Some catalytic properties of silica-supported base and metal porphyrins for hydrocarbon cracking and hydrogenation

IT Caga, ID Carnell, John Winterbottom

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A base porphyrin, etioporphyrin (EPI), has been synthesised and a number of metal-etioporphyrin compounds have been derived from EPI by metal insertion, these being nickel, vanadyl, palladium and platinum. The metal-etioporphyrins were supported on silica gel with loadings of 0.5-5.0% (w/w) to be employed as catalysts for hydrocarbon cracking and to a minor extent for hydrogenation. The porphyrins themselves were characterised using temperature programmed decomposition (TPD), temperature programmed reduction (TPR), mass spectroscopy (MS) and infra-red (IR) spectroscopy. TPD studies up to 550 degreesC indicated complete stability and TPR studies (20-500 degreesC) showed interaction with hydrogen, nickel-EPI and Pd-EPI especially showing strong interaction. MS studies showed that metal insertion had occurred for VO-EPI and Ni-EPI and Pd insertion was demonstrated to have occurred using an analytical method. IR spectroscopy carried out on VO-EPI and Ni-EPI showed an absence of-NH linkages, again confirming metal insertion. The behaviour of the catalysts for hydrocarbon cracking was studied using 2,2-dimethylbutane (2,2-DMB) as the model reactant in the temperature range 440-550 degreesC and thermally in the temperature range 440-600 degreesC and at 1 at, m (101.3 kPa) pressure. All porphyrins, even the base porphyrin, exhibited cracking activity and the catalysed reaction had an energy of activation, depending on the porphyrin, in the range 78-113 kJ/mol(-1), compared with a value of 210 kJ mol(-1) for the thermal reaction. The product distribution was dominated by C-1 and C-2 hydrocarbons and is typical of a free radical reaction, the thermal reaction giving a similar product distribution, so that the porphyrin catalyst acts as a free radical initiator. Hydrogenation studies using hex-1-ene at 150 degreesC and at I atm. pressure showed that Pd-EPI/SiO2 was an active and possibly stable hydrogenation catalyst, whereas Ni-EPI/SiO2 while of only slightly lower activity initially, lost that activity so that the Pd-EPI catalyst was over 16 times more active at the end of a 2 h period. (C) 2001 Society of Chemical Industry.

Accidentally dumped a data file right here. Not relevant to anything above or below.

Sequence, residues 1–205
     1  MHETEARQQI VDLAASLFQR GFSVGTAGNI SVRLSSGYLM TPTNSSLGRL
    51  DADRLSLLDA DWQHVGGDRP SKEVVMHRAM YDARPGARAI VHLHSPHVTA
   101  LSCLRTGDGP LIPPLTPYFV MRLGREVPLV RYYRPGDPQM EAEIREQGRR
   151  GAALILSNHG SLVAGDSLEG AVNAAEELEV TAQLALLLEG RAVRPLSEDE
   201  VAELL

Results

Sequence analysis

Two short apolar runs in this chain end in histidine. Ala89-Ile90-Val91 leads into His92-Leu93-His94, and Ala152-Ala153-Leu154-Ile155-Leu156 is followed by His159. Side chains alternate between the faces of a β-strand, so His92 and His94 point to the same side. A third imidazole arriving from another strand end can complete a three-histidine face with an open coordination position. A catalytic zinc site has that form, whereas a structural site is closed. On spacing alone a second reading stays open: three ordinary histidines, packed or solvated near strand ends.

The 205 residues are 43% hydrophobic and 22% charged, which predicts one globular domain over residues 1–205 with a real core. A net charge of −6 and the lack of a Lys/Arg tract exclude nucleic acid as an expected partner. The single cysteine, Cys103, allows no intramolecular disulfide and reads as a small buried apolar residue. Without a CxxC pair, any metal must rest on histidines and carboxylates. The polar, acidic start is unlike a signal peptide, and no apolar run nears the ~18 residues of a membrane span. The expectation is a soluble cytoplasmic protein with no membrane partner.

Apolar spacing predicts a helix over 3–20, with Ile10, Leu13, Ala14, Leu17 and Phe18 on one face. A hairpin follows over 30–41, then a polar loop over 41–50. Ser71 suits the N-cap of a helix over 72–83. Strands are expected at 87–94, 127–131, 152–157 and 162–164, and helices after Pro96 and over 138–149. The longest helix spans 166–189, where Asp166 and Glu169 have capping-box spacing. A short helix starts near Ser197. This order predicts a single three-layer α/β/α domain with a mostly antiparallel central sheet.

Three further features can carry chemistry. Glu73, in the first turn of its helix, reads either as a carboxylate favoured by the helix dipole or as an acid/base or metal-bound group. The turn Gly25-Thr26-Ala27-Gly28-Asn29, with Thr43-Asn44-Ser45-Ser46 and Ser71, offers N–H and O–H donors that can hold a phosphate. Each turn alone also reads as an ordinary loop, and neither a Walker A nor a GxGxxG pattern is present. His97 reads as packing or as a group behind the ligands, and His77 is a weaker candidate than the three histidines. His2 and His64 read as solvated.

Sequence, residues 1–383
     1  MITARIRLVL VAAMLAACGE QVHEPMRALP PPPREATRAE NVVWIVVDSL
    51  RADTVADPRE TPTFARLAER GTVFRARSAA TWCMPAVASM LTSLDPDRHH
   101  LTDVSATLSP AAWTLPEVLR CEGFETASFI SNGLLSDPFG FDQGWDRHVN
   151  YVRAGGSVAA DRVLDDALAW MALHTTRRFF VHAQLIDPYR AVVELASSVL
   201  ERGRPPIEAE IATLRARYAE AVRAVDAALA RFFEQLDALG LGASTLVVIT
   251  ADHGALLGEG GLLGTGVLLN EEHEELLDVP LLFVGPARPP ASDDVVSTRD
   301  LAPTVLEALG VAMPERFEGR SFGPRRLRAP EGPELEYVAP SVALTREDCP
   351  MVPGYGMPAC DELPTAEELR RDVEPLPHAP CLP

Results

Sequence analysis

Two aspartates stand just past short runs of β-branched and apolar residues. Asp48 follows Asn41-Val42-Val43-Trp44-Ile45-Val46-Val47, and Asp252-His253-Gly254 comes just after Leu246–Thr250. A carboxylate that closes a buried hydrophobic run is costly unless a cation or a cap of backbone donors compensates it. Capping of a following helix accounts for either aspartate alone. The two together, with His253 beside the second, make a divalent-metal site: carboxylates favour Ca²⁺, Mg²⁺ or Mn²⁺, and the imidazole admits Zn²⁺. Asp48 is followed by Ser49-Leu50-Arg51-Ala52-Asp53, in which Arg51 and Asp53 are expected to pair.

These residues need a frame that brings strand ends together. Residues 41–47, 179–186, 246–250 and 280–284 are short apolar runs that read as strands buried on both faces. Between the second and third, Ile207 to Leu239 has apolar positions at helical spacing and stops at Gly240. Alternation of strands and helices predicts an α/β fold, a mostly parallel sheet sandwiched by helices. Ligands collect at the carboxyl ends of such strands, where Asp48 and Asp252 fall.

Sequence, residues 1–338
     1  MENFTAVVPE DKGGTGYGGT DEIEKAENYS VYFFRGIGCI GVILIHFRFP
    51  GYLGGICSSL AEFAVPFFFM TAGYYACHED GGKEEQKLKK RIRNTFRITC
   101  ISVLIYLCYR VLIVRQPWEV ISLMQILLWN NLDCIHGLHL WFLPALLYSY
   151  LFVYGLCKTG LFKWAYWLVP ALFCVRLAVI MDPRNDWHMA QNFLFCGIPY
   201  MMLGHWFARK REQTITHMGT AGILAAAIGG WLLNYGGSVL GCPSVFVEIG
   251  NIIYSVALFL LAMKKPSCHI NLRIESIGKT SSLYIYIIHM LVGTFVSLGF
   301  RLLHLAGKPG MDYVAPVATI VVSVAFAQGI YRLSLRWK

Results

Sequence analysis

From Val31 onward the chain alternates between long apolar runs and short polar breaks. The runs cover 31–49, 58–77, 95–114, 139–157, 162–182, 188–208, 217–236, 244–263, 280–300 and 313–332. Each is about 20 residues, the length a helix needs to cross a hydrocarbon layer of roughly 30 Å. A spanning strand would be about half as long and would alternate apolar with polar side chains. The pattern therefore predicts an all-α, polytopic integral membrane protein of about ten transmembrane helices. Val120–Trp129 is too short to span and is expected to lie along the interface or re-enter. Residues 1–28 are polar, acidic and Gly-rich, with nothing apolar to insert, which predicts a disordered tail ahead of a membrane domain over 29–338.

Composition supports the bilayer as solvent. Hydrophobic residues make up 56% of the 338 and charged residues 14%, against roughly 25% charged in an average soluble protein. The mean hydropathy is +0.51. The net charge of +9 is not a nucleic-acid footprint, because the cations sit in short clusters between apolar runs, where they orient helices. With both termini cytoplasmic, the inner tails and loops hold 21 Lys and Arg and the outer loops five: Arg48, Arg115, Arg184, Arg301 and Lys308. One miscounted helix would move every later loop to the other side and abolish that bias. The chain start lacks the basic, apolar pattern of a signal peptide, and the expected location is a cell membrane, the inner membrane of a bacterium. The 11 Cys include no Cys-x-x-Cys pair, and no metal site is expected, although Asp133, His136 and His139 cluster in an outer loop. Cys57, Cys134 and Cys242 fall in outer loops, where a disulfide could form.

Original languageEnglish
Pages (from-to)179-185
Number of pages7
JournalJournal of Chemical Technology and Biotechnology
Issue number2
Publication statusPublished - 1 Feb 2001


  • porphyrin catalyst
  • cracking
  • hydrogenation


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